Regards,

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11 minutes ago, popeye2sea said:

If you look at my build log for the soleil royale and scroll back a few pages (post #154 last few photos )  you will see a photo of how this should look. 

A link helps..

 

 

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1 hour ago, popeye2sea said:

You are talking about two different things. 

One is the halyard. The other is the truss/sling.

 

Allans photo above is for the truss/sling which will hold the yard in close to the mast.

The halyard hoists the yard.  Your instructions call for the halyard tye to be seized in a bight at the center of the yard.  If you look at my build log for the soleil royale and scroll back a few pages (post #154 last few photos )  you will see a photo of how this should look.  In that photo the only part that is missing is the seizing of the two parts together just above where the hitch crosses the standing part of the tye.  On mine there are two tyes because it is a lower yard.

 

Regards,

Beautiful work. So, I see what you’re saying, however, I have a single tye, and, as you can see in the plans above call for timber battens, not rope slings/truss. So how would I get that strap around the center of my yard if it calls for timber battens? Maybe 2 straps around the yard similar to yours, on either side of the batten, then lashed together and the tye secured in the center of the two straps?  

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While the Soleil Royal was a war ship of 1670 and the KC is a whaler in 1856, the principals should be similar.   Lees shows the tye(s) to be secured either with a single at the center or double depending on the era and spar.  The double tye would allow you to secure them outside the truss/batten as you suggest.  It is possible that these relatively small yards may not have had battens at all, but rather slings and single tye/halyard.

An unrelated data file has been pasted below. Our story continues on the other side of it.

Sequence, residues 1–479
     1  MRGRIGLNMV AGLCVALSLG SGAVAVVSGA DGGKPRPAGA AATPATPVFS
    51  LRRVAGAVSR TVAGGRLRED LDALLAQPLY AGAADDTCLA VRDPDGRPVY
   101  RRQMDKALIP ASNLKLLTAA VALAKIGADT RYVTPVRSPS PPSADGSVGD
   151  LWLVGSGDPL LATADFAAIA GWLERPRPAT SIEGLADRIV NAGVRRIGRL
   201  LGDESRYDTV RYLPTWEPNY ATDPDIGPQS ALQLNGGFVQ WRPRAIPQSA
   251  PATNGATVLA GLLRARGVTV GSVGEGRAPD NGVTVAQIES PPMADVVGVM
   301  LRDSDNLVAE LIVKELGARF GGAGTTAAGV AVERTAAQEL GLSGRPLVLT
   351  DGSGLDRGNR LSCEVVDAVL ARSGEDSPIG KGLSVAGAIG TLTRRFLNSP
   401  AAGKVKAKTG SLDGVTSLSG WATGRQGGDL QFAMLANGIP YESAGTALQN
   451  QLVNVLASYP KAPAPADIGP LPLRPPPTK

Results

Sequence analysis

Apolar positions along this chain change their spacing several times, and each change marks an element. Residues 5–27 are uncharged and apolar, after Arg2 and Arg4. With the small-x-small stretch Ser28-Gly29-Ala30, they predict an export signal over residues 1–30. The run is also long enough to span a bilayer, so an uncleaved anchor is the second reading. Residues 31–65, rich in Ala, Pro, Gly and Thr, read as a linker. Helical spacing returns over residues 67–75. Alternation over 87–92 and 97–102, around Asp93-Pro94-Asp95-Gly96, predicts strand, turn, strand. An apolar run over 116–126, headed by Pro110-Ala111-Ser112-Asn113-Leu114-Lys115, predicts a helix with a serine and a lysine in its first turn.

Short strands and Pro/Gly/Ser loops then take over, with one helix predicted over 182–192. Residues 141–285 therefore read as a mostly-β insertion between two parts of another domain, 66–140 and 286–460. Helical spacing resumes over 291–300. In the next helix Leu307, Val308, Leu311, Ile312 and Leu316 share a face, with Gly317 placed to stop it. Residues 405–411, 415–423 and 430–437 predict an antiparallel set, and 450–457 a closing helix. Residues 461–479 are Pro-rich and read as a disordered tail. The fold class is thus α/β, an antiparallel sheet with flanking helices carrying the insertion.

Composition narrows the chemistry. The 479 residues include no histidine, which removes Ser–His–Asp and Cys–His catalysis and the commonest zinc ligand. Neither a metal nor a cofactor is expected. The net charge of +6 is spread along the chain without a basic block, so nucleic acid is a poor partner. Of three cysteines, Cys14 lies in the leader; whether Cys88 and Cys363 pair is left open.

Allan

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Single tyes would be more appropriate for your upper yards.  I would think that a notch in the center of the timber batten truss would allow room for the tye sling.  You could either notch the side nearest the yard so that the sling would appear to pass through the batten or notch the side nearest the mast.  Passing the sling closest to the yard would negate the possibility of friction against the mast when hoisting the yard.

 

Hope that makes sense.

 

Regards,

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Perfect. That’s what I was thinking today as I went about business at work. I’m a little surprised it’s not mentioned it in the wonderfully detailed rigging spec booklet written by Erik Romberg Jr. Every line, size, belaying point, tackle, etc. is written about in detail. A little note on the plans next to the yard detail saying “ notch in batten for halyard hitch” would have been nice😊

 

Thanks for your help.